Is Eating Fermented Food Good for You?

With the way some of us are guzzling kombucha and slurping yogurt, you’d think that fermentation had just been invented. While the idea of worrying about gut health is trendy, eating fermented food is an ancient tradition. Although we don’t need to ferment food today – we’re spoiled with grocery stores throughout the year – the question remains: is fermented food actually good for us?

According to Alan Bakalinsky, Associate Professor of Food Science & Technology at OSU, “Our ancestors had very limited means of preserving food but like us, had to eat during seasons when food could not be found or grown. Drying, heating, salting, [and] fermenting were among the tools they developed.”

Food is fermented when microorganisms such as yeast and bacteria are used to convert carbohydrates to alcohol or preservative organic acids. When you eat fermented food, you’re also ingesting probiotics—the “good” bacteria that promote healthy digestion. This can lead to increased immune function, among other things. Still, saying that fermented food is good for other health issues is complicated.

“Some epidemiological studies that correlate diet with health suggest that eating fermented milks is associated with a reduced risk for certain forms of cancer. Other studies are equivocal,” said Bakalinsky.

Mary Cluskey, Associate Professor of Nutrition at OSU, said that eating a diet rich in fresh fruits, vegetables, and whole grains does help maintain a healthy gut. Adding a bit of sauerkraut or yogurt doesn’t hurt. “Fermented foods are made with microorganisms, some of which – when consumed – further enhance the gut microbiota,” she said.

However, further research needs to be done before we can say—beyond a doubt—that fermented foods are a necessary part of a healthy diet.

“Healthy microbes in the gut contribute to control of harmful bacteria in the body and, in general, a healthy digestive system, among other bodily functions,” Cluskey said. “Some evidence of improved disease outcomes has been shown, but that is not completely clear.”

Bakalinsky spends a lot of time in his lab working with wine and a specific type of yeast, Saccharomyces cerevisiae, which was first domesticated thousands of years ago. He said, “Today, we use this same yeast to make all sorts of other valuable fermentation products in and outside the world of food. And study of the organism itself has been a rich source of biological information that is relevant to processes and problems that occur in other organisms, including humans.”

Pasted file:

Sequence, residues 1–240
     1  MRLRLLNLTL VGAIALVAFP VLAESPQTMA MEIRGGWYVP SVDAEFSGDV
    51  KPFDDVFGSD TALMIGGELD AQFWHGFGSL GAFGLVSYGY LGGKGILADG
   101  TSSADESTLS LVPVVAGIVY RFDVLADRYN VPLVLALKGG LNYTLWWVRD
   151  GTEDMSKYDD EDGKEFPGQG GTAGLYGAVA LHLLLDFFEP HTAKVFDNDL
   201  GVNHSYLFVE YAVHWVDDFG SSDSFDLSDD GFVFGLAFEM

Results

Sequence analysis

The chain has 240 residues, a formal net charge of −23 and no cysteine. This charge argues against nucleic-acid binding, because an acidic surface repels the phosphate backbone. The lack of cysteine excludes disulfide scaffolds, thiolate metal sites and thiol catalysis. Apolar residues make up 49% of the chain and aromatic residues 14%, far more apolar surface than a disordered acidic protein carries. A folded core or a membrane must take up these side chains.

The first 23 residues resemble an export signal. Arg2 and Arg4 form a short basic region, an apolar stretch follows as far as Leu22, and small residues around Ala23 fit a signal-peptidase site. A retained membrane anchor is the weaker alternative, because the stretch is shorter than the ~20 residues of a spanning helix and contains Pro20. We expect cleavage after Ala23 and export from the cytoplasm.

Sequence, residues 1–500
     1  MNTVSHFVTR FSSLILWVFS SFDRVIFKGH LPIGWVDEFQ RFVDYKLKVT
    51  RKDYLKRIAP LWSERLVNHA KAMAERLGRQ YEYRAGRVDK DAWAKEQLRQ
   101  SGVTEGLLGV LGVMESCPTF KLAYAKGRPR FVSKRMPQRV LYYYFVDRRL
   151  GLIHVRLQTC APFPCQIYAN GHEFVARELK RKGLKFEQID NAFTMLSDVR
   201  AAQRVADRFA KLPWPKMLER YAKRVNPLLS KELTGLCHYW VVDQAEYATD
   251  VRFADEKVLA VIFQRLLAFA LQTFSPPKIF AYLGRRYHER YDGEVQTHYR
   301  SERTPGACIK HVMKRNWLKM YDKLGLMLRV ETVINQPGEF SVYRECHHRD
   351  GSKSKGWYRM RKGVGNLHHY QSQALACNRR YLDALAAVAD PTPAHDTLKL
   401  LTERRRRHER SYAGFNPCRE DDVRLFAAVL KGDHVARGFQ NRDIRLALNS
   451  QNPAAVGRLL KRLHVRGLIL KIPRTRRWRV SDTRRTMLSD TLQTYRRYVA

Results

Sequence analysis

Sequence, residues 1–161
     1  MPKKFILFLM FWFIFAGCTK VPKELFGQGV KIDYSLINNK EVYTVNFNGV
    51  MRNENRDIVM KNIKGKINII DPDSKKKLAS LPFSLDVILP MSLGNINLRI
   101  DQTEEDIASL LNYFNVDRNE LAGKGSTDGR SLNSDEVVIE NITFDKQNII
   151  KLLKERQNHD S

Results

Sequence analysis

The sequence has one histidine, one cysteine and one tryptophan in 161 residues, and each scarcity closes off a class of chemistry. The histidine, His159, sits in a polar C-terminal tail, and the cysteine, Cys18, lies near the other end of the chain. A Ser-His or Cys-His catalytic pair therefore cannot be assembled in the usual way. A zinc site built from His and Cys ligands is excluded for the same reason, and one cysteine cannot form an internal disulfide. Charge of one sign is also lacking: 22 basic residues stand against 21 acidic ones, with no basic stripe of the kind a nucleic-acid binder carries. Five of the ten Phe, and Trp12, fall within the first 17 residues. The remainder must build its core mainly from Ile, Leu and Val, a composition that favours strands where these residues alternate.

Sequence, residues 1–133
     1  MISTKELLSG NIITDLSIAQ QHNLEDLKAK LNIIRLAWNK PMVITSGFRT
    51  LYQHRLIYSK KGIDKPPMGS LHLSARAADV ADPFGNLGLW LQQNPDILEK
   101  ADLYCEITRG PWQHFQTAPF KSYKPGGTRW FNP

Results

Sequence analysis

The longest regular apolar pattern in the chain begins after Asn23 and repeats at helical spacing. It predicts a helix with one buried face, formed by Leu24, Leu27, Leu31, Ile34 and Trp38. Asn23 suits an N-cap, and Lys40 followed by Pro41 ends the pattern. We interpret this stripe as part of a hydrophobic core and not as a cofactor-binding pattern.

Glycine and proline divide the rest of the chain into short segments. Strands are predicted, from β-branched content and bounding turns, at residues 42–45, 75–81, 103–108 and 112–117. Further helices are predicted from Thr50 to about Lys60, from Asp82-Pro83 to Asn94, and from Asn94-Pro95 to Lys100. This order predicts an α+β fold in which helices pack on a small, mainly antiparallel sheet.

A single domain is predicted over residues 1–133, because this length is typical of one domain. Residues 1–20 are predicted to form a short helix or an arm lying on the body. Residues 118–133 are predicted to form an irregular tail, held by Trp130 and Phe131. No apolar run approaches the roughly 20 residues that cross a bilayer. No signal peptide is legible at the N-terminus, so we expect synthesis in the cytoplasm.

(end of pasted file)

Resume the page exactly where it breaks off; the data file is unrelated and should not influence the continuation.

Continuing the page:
If you’re interested in trying fermentation at home, Bakalinsky recommends starting with The Art of Fermentation by Sandor Katz, stopping by Corvallis Brewing Supply, or checking out the Food Science & Technology Department at OSU.

When it comes to gut health, it’s best to pay attention to your own body and eat or drink what makes you feel good. Give fermented food a shot – your digestive system may thank you. If nothing else, most researchers agree that moderate alcohol consumption is associated with reduced risk of coronary heart disease. That’s something most of us can get behind.

If you want to try some tasty food, Kirsten Shockey and her husband, Christopher Shockey, will be promoting Fiery Ferments, a cookbook that contains tons of recipes for fermented hot sauces, spicy chutneys, and more. They will be signing books and providing samples at a free event on Wednesday, June 7 from 7 to 8:30 p.m. at the First Alternative South Store Meeting Room.

By Anika Lautenbach

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